From the absurd to the fascinating, from comedy or “sitcom” chapters to tragedy, from subtle but also important changes in the main story to frequent surprising plot twists... This novel even surpasses the first, so I must congratulate Ada Palmer for these two impressive novels. The books are a declaration of love for the Enlightenment and to the intellectual and philosophical movements that revolutionized and dominated the world of ideas in Europe during the 18th Century.
About the reading experience, the plot unfolds fluently in some chapters and in others (the most, in fact) it is difficult to advance because you have to reread continuously to understand the subtleties of the story and to not lose important information (I guess it happens to me more, as I said English is not my mother tongue). I must clarify that fortunately it does not reach the level of difficulty of the first novel, however it does not prevent that at some point you can feel that your brain will explode with such complexity, which could also be said in favor of the author's wisdom with the classics from the Age of Reason and also about her good literary skills.
So, I wonder, why is this book so difficult and at the same time so captivating to read? Briefly, I will try to explain it (spoiler-free mode activated):
- A very complex and well-built story. Also with frequent and surprising plot twists, for me one of the best aspects of the novel.
- The author is aware of the literary principle: Do not explain, suggest; and also she dosifies the information that the reader receives in order to develop the intrigue. Most of the unsolved questions in the first book are explained here.
- [Please hold my coffee] The whole two novels are told from a subjective point of view, mostly by the main character Mycroft Canner, but interspersed in the narrative there are some comments addressed to "you" (a distant future reader) and also to a contemporary 25th Century reader/corrector who in turn reprimands the narrator questioning his style or the facts narrated. In other words, the author uses a first-person point of view in the mouth of Mycroft Canner; a second-person addressed to “you”, or when the reader/corrector discusses with Mycroft; and finally the third-person point of view about stories from other characters told by Mycroft Canner. Also note the frequent use of the royal we, or pluralis maiestatis, referred to some of the characters. You must pay attention!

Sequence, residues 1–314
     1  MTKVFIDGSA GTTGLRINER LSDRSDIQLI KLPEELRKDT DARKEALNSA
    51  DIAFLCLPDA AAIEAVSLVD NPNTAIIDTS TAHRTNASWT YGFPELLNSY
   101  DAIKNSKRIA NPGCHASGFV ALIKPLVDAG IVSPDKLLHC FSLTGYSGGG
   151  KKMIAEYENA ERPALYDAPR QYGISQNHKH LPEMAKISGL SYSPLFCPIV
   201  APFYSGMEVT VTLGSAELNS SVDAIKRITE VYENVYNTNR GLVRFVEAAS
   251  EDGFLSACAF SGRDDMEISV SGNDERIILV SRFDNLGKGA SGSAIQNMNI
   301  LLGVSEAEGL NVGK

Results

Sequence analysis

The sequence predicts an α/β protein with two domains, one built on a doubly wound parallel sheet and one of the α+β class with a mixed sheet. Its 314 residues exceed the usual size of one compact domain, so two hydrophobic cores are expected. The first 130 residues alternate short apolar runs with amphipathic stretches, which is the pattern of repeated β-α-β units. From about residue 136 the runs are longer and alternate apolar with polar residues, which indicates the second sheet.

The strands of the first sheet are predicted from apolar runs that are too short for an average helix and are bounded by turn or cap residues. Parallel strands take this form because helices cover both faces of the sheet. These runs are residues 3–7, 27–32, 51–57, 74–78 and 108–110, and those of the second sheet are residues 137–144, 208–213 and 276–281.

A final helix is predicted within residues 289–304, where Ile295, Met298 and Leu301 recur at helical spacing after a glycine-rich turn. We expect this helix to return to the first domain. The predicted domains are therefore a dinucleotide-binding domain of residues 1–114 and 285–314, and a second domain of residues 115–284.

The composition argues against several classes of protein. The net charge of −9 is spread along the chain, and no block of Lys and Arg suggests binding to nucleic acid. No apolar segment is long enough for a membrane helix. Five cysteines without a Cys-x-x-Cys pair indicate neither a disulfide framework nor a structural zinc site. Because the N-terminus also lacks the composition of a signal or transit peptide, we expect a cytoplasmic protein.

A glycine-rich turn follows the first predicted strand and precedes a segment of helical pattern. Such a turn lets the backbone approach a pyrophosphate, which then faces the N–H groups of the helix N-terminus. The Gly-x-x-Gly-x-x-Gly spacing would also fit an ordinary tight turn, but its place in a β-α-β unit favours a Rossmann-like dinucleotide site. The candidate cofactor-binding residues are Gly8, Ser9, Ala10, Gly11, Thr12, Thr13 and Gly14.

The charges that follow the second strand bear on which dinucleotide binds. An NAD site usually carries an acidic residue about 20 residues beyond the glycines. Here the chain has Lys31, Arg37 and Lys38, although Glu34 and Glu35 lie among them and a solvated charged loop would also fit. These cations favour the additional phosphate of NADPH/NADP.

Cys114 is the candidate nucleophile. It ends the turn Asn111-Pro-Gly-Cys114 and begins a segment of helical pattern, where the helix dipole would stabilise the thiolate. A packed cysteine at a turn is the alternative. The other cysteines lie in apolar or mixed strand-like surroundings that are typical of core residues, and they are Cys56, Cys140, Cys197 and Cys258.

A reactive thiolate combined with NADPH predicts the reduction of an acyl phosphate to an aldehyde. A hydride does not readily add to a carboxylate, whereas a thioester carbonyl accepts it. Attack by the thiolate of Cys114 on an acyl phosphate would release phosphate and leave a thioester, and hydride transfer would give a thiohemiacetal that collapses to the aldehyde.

- Regarding the previous point, a prose very convoluted, frequently imitating classic texts and using archaic expressions. Also in this novel there are some languages merging: Latin, French, Spanish, German; and some more in the case of the vocabulaire (Japanese, Greek, etc.). The author translates it for us, but it is a “double” read.
- The characters are very well developed, another strong point of the novel, but they are a lot and they are evolving. An example, the one that the author seems to treat with the most loving care: the tribune J.E.D.D. Mason, or Jed Mason, or the Porphyrogene, or Jehovah, or Micromégas (from Voltaire's book, considered one of the first novels of science fiction), or Tai-Kun, or... He has nearly ten names! And also, the relations between the characters are very complex, like a TV soap opera but concentrated in only one season.
- Finally, the aspects of science (fiction) and fantasy (?) involved also are an awesome add to this mixture.
I am sure that I leave a lot of important aspects to comment, but in any case it is a very, very interesting reading. As I said before, in this sequel the author resolves the main plots he had left open to the previous book, while opening a wonderful, New World to discover in the next sequel, "The Will to Battle".